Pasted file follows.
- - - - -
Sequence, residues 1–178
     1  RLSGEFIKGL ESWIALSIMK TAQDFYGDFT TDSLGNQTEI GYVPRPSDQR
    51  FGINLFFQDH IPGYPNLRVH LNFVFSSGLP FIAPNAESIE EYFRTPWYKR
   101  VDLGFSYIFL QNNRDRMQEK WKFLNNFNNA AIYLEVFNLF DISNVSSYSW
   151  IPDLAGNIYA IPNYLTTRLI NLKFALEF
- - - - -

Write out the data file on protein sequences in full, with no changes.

Sequence, residues 1–178
     1  RLSGEFIKGL ESWIALSIMK TAQDFYGDFT TDSLGNQTEI GYVPRPSDQR
    51  FGINLFFQDH IPGYPNLRVH LNFVFSSGLP FIAPNAESIE EYFRTPWYKR
   101  VDLGFSYIFL QNNRDRMQEK WKFLNNFNNA AIYLEVFNLF DISNVSSYSW
   151  IPDLAGNIYA IPNYLTTRLI NLKFALEF